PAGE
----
Float down fairways on this hovercraft golf cart

Golf can be frustrating on the best of days. What better way to calm your nerves than to sail around the links on this hovercraft golf cart?

Bubba Watson, 2012 Masters champion, and his sponsor, Oakley, recently teamed up with Neoteric Hovercraft to launch this super sophisticated way of getting from hole to hole.

The hovercraft maker released a video of Watson riding on a 9-foot air cushion at Arizona's Raven Golf Club.

The BW1 has a "footprint pressure" of 33 times less than a human footprint, leaving relatively little impact on the course itself. … Read more

Skiing showdown: GPS-informed goggles miss the mark

As a skier, I've often wondered how fast I'm skiing when I'm skiing really fast.

Turns out it's 44.7 miles per hour.

I got my answer from Zeal Optics's Z3 goggles during a December trip to Whistler Blackcomb mountain in British Columbia. The Z3s are a new, and very expensive, breed of goggles that capture data using GPS technology and flash it on a tiny heads-up display unit at the bottom of the field of vision on the right side of lens. Zipping down Springboard, a wide-open, groomed intermediate run, the tiny display ticked off my speed as the slope steepened and the wind whistled past me.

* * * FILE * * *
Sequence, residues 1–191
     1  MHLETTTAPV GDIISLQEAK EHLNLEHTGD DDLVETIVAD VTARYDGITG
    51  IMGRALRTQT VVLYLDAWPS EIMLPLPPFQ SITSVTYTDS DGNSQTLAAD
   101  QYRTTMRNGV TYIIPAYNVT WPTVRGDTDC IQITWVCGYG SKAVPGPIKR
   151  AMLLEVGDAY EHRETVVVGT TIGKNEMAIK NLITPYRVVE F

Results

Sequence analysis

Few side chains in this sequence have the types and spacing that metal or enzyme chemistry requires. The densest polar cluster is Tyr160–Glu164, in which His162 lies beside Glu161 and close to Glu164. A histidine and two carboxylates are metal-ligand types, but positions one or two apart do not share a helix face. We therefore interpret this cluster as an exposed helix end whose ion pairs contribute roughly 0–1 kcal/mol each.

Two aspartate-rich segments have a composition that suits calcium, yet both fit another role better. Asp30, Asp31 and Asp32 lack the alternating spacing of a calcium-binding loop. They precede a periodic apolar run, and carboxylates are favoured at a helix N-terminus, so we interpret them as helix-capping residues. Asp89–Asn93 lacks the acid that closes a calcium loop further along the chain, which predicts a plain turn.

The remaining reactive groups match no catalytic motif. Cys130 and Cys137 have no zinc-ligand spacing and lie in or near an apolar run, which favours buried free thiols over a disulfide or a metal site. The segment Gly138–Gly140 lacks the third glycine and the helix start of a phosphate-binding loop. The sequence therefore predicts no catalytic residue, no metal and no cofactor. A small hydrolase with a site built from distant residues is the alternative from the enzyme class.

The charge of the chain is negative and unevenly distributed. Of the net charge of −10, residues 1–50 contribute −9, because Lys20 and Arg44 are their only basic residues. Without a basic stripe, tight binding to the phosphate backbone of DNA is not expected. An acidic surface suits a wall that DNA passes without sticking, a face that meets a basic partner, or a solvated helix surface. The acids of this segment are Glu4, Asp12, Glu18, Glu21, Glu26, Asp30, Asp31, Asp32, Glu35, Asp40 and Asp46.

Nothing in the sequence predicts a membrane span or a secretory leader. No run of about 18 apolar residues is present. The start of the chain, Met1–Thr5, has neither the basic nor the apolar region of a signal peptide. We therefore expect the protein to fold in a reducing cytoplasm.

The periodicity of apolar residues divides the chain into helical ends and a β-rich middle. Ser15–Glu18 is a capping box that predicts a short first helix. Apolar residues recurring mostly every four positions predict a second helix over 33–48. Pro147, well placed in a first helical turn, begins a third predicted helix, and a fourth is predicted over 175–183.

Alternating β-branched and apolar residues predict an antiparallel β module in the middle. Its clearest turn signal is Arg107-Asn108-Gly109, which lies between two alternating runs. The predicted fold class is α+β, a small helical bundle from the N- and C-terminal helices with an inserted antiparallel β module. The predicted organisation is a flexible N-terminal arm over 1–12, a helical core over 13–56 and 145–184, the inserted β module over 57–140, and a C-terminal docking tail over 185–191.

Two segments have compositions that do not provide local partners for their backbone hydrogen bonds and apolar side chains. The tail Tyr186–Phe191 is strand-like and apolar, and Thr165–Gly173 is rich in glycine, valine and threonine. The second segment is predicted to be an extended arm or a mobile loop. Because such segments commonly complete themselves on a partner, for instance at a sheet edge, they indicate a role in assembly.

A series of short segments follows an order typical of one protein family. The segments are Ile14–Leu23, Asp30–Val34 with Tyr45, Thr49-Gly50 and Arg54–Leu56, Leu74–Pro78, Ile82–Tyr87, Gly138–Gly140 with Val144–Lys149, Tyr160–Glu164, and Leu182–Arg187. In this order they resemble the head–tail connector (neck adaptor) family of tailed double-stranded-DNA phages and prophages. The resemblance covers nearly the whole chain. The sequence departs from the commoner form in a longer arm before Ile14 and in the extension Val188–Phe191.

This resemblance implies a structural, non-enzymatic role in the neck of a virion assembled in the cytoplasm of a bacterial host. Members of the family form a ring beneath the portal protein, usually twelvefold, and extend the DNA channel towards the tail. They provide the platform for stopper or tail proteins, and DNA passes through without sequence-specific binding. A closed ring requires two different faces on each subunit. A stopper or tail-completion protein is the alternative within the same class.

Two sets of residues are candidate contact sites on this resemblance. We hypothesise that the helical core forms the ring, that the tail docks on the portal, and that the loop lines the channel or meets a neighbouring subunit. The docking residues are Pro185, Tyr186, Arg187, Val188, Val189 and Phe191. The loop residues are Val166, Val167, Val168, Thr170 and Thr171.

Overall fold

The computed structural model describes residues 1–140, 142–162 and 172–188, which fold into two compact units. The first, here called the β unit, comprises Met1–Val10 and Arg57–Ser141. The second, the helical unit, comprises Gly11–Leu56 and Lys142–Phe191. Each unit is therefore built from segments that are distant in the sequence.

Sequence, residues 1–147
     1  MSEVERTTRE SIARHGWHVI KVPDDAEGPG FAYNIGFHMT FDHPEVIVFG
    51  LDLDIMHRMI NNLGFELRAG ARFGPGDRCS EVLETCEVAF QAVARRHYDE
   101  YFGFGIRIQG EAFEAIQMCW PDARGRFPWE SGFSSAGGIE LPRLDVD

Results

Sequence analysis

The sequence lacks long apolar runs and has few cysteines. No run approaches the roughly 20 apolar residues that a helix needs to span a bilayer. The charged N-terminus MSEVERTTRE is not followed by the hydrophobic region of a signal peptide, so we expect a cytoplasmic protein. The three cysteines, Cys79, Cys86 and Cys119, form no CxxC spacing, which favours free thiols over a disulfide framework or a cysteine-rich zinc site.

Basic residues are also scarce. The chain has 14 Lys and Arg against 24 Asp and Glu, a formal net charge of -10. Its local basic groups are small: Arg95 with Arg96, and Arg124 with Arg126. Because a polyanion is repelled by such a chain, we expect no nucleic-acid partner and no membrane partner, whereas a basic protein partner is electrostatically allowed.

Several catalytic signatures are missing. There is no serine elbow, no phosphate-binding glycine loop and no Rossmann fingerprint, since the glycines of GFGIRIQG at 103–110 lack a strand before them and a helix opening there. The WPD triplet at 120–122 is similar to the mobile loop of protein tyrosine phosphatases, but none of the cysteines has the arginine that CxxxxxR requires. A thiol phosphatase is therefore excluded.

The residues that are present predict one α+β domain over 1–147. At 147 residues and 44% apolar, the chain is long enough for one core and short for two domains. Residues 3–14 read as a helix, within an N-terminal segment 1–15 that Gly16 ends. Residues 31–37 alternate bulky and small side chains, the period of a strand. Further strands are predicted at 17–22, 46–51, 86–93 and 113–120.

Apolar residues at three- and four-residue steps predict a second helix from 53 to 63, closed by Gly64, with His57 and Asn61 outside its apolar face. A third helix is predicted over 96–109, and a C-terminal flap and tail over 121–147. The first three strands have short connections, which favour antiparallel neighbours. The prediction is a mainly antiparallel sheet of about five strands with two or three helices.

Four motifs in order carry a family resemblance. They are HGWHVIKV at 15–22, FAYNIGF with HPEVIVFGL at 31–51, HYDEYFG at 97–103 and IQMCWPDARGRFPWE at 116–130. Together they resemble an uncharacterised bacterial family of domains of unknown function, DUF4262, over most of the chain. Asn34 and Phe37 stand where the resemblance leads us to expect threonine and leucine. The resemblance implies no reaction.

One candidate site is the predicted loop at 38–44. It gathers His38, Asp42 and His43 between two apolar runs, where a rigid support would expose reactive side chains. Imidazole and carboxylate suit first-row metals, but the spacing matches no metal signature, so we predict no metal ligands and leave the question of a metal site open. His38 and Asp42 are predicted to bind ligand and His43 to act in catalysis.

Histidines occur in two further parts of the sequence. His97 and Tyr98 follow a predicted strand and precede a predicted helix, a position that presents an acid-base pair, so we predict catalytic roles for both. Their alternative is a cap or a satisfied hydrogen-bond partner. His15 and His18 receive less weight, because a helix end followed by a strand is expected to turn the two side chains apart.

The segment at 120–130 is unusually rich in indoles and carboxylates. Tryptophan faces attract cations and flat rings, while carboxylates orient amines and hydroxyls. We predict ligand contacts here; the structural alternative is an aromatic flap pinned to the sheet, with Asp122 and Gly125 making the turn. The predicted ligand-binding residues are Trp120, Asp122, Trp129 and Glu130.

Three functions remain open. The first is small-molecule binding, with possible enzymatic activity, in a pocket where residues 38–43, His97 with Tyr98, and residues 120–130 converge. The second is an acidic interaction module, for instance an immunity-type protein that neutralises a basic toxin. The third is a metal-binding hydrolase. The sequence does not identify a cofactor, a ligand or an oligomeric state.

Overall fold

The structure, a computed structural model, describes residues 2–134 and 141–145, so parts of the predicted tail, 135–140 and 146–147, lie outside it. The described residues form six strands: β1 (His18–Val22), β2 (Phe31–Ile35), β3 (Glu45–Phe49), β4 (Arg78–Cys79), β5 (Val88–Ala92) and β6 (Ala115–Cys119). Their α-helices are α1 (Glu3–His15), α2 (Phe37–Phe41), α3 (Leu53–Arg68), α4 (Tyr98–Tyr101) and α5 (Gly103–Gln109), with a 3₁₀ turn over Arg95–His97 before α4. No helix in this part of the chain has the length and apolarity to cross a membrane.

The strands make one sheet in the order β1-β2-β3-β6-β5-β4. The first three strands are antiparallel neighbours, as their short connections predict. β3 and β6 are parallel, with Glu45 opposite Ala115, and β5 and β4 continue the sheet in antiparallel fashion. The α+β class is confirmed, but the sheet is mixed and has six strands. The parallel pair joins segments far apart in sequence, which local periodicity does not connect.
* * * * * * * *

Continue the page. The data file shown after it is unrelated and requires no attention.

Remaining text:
Zeal is one of a handful of ski goggle makers selling devices that include the heads-up display technology from Recon Instruments, a Vancouver, B.C., company that's trying to bring hands-free, real-time performance statistics to skiers. The devices include tiny GPS receivers and a set of sensors to provide speed, distance, vertical descent data, and more. I also brought along goggles from Oakley and Smith Optics that use Recon's heads-up displays to test during my ski trip as well.… Read more

Goggles with built-in display let you ski like a boss

Who needs a ski resort map, when your goggles can tell you right where you are?

Next Monday, Oakley, one of the largest sports optics makers in the world, will unveil its $599 Airwave ski goggles, an all-new product featuring a small built-in heads-up display that mimics what appears to be a 14-inch screen seen at a distance of five feet.

The display, created using what is called "prism" technology, shows a wide range of imagery and information, including where a skier is, where their friends are, and even data about the last jump they took, or the … Read more

Oakley eyeing Google Glass rival

Oakley may be hoping to out-glass Google with its own brand of eyewear that can display information directly on the lenses.

The company's CEO Colin Baden told Bloomberg that it's creating technology to tie smartphone features into eyewear. The project is still in the experimental stage, and Baden wouldn't confirm if Oakley plans to launch its own such eyewear. But he did reveal a few features he'd like to see in the product.

The eyewear would work on its own to display information but also team up with a smartphone through Bluetooth. The device could even … Read more

The 404 989: Where a rose can bloom in the desert (podcast)